Set amidst the backdrop of 1950’s Hungary and America, “An American Rhapsody” (2001), is based on the life of Director/Editor Eva Gardos. The story examines the unique face of oppression during Hungary’s fall to communism, and a family’s struggle to overcome the horrors left behind to embrace the promise of the Cold War years in America. Leaving behind their infant daughter Suzanne (to be sent ahead to Vienna a day or two later), parents Margit and Peter flee Budapest with their other daughter, 4 year old Maria. The opening scenes are grittily filmed in black and white, wrapping one up in the tension of this family’s flight across the border to safety.
Unfortunately, Suzanne is not sent ahead as planned, and for her own safety, as her grandmother is arrested and her home and possessions are being confiscated by the military, Suzanne is spirited to the Hungarian countryside to be taken care of there by a kindly couple who raise Suzanne as their own. Meanwhile, having arrived in America, Margit and Peter begin to eke out their new American life, taking jobs to make ends meet, all the while sending letters and making phone calls trying to get Suzanne returned to them from Hungary. Almost 6 years transpire before Suzanne’s grandmother, finally released from prison, is able to get Suzanne on a flight to Los Angeles. Suzanne is too young to understand that Margit and Peter are her real parents, and that all the prosperity and abundance she sees will now be part of her life. Her father makes her a promise that if she will try and like it in America, he will let Suzanne return to Hungary one day to see her foster parents. All too soon, Suzanne is a rebellious teenager in the early 60’s, smoking, drinking, running the streets at night and challenging her parents at every turn. Margit, at wit’s end, bars Suzanne’s windows and installs a lock on the outside of her door. Margit finds a shotgun and tries to shoot her way out of the prison her room has become, to try and break free of the oppression she feels has been unjustly brought down upon her. Calling on her father’s promise, Suzanne returns to Hungary to visit her foster parents and grandmother, and sees firsthand what real oppression looks like, and how much she has taken for granted. While there, she also learns the real reason her family had to flee Budapest and begins to re-evaluate her own actions and beliefs about who she is.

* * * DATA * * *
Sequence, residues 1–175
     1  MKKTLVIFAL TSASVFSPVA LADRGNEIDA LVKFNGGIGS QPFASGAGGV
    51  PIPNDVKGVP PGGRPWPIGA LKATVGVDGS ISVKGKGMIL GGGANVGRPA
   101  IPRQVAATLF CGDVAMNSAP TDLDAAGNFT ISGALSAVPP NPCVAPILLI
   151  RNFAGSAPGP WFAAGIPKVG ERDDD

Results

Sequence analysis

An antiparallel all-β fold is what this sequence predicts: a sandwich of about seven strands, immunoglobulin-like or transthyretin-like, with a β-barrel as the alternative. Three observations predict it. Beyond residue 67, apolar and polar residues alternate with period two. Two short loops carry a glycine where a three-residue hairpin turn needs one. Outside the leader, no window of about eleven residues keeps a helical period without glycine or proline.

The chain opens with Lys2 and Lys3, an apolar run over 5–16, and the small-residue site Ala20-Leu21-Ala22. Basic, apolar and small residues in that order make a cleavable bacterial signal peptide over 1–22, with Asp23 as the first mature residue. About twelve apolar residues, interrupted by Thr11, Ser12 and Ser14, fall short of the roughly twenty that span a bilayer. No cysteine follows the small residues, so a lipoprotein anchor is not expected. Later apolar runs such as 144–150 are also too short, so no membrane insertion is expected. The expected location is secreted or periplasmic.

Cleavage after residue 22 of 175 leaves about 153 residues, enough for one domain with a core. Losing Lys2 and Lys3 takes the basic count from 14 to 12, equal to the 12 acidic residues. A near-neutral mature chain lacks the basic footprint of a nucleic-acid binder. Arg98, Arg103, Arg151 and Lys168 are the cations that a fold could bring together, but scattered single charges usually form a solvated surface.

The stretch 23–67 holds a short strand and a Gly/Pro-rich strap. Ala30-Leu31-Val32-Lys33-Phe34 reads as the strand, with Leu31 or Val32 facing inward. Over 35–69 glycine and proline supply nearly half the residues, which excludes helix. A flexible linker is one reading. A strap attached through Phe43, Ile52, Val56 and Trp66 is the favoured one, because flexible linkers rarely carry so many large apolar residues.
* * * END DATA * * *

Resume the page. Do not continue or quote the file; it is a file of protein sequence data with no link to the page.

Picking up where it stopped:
Director/Editor: Eva Garbos, Starring: Nastassja Kinski, Scarlett Johansson